Working Hours and Jewish Observance

Hi all,

I’ve recently finished my MA and planning to emigrate to Taiwan in Feb 2024 to teach English.

I have recently converted to Judaism and I am observant of the festivals. What kind of problems could I encounter with asking for time off due to religious observance? Some festivals forbid work on their days, including the weekly Shabbat every Saturday (I know English classes on a Saturday can be a common thing). I do accept that if I had time off, it would be unpaid and is something I am fine with. In 1 year, there could be up to 12 days of observances spread throughout the year. Because Judaism has its own calendar, the dates change for the Gregorian calendar each year.

Realistically though, how would this limit my chances to securing employment? Would a big thing be made out of this with a recruitment agency or direct school? Would I be looked down upon as a teacher for requesting this time off?

Many thanks,

Looked down upon or looked down upon more? :idunno:


Maybe try establishing contacts here.

I would bet there are others in the international Jewish community that could guide you.



It would limit it, since everyone else’s working hours are not in sync with you.
in practical terms its not a big problem to solve, you just take annual leave or unpaid leave on friday afternoon and on holidays.
You will need to find a place that will be ok with it or have to worry about finding a sub yourself (i.e. will it be a problem for them to find a sub for you for every Friday afternoon/holiday).
Taiwan is not an easy place for observant jews, the community is very small, only 1 orthodox synagogue and hardly any kosher food.
I would think twice about coming here.

Well I can tell you from recent experience that trying to take personal leave during the semester is usually contractually discouraged and carries fines for each class period you are not present for. Substitute fee of something like 400-700 dollars per class period. You’ll be using your paid leave for this, although there’s a decent chance you’ll be the one paying because of the aforementioned substitute fee. Very real chance you’ll have to apply for permission to the headmaster of the school and/or the local government each and every time you want to take a day off during the semester. Saturday classes aren’t entirely uncommon, and happen nearly every time there’s a public holiday here. And the wild thing is that the principal and/or local government can deny you for any reason. They don’t think holding Shabbat is important? Sorry, you’re screwed. Not trying to discourage you too much, but that’s the way it is. I’m not supposed to take my leave during, you know, the biggest and very well known Christian holiday of Christmas, as that’s during the semester. Instead, I’m supposed to take my leave during Chinese New Year. Because that’s totally the same? It’s not the end of the world but my point is that if you’re really intent on taking those holidays and spending them in the way you feel the religion intends, might be hard.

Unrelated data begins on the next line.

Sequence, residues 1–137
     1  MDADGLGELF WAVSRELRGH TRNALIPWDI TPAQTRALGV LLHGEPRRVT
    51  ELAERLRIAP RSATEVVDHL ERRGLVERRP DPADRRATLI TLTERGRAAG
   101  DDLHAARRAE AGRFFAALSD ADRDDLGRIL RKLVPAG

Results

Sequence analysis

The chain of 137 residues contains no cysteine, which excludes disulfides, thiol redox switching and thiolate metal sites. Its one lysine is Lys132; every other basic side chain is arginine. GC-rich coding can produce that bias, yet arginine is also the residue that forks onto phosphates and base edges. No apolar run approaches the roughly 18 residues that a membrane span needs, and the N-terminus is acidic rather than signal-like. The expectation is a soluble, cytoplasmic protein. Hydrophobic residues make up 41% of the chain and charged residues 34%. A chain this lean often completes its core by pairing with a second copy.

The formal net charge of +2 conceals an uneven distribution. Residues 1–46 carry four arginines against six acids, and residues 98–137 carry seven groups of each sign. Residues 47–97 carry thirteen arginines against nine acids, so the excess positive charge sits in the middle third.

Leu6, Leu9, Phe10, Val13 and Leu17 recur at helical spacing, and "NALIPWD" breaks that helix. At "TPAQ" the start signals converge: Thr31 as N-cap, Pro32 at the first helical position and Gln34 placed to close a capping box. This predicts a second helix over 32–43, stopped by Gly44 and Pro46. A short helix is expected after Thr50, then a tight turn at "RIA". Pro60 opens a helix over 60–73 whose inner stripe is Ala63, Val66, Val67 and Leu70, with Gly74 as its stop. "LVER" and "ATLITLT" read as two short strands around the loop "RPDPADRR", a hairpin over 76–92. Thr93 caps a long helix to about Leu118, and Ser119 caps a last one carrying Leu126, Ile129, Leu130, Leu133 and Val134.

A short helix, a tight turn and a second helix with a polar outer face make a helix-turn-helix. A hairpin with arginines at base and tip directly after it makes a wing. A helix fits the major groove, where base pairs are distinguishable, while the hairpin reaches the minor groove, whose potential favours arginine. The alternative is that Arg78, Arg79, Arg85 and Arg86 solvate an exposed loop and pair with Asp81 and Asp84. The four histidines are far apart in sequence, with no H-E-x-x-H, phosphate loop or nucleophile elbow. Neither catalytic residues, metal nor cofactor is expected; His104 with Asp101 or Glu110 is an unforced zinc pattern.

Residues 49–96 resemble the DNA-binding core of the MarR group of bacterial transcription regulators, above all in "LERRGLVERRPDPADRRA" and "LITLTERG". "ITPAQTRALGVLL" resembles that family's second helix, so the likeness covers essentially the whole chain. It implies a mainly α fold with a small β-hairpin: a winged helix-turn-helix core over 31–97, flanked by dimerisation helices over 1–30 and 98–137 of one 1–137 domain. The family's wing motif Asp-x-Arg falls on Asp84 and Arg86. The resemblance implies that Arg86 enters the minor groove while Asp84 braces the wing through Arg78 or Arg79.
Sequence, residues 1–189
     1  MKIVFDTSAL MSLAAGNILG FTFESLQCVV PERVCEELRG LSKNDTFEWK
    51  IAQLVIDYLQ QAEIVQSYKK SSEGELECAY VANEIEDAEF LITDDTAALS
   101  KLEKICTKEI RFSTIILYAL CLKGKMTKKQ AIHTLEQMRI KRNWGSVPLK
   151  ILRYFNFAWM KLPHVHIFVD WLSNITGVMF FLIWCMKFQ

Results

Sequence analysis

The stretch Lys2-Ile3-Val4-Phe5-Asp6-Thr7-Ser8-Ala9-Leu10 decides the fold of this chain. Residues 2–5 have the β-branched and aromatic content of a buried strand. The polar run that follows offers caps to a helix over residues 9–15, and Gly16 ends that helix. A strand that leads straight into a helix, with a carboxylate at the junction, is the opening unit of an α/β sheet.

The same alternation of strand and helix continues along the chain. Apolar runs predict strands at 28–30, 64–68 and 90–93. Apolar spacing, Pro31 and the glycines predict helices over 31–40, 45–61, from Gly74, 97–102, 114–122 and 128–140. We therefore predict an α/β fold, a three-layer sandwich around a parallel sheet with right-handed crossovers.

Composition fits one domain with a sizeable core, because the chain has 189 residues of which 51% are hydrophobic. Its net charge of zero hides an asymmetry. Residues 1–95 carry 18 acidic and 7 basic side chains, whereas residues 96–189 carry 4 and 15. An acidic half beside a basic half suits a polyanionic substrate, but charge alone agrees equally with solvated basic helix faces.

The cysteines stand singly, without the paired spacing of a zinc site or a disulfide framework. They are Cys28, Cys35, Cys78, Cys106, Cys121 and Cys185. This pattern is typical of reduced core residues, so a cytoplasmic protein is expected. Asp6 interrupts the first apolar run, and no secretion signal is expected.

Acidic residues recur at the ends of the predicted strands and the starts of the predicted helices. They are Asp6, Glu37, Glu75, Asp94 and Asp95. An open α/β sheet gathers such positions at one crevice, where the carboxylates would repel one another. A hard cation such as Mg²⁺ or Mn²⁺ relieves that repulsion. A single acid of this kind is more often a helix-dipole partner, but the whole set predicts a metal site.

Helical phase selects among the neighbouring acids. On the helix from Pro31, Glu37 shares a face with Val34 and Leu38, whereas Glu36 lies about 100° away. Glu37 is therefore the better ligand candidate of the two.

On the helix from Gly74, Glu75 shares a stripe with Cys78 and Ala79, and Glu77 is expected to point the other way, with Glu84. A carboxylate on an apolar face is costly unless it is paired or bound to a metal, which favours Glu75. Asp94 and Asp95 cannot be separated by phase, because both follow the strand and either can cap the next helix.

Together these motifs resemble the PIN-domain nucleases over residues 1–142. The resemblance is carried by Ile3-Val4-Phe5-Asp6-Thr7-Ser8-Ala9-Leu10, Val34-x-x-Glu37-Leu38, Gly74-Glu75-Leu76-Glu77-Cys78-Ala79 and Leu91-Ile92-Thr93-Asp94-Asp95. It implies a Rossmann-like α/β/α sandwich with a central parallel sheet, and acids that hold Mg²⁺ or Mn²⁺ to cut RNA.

But yeah, contact the Jewish cultural association, I’m sure someone there would have better insight than myself.

Yes. The school doesnt care why you arent there, they just care that you are in class.
If the OP had a jazz band, and would have to take every Friday evening off to play and 2 weeks a year to tour he would have the same problem.

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hell even if you don’t have class they can be obstinate about this shit. Taiwanese work culture definitely values you being there for all the office hours, even if you’re not going to be doing anything in any of those hours. Next week is all exams so I won’t be doing jack shit, but still can’t take leave.

Just be up front with your school. It’s possible that they just not schedule classes for Friday afternoons. For other holy days they might be able to work with you on it. Just bring it up in advance. Maybe have a list of days you’d need off and see if they are willing to accommodate.

I also second this. Taiwan is not such a accommodating place when it comes to different religions.

Yeah in one sense you can practice whatever religion here and no one is going to think about it for two seconds much less care. But interfering with scheduled work is not kosher :slight_smile:


Have you considered, Israel? A Swedish friend of mine did a few years there and really enjoyed it. He wasn’t even Jewish! You can probably make more money than here. I think he did IT work, but they bring in people for all sorts of stuff

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Most office posts do not give any vacation days the first year, only sick leave, emergency leave, etc. Vacation days start at one week the second year. That limits the amount of days you have to take off for religious reasons.

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Yes, but you can take unpaid leave if you need to.
There are for sure solutions, after all Jews manage careers all over the world.
As was mentioned above, bosses here dont care WHY you miss work, they just care that you DONT MISS WORK.

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In all of Taiwan, or all of Taipei?

All of Taiwan.

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You’ll probably be let go at the end of your contract as hiring someone else is less hassle than dealing with you.

Your religion is “your problem” by making it ‘their’ problem they will most likely deal with it by making it go away.

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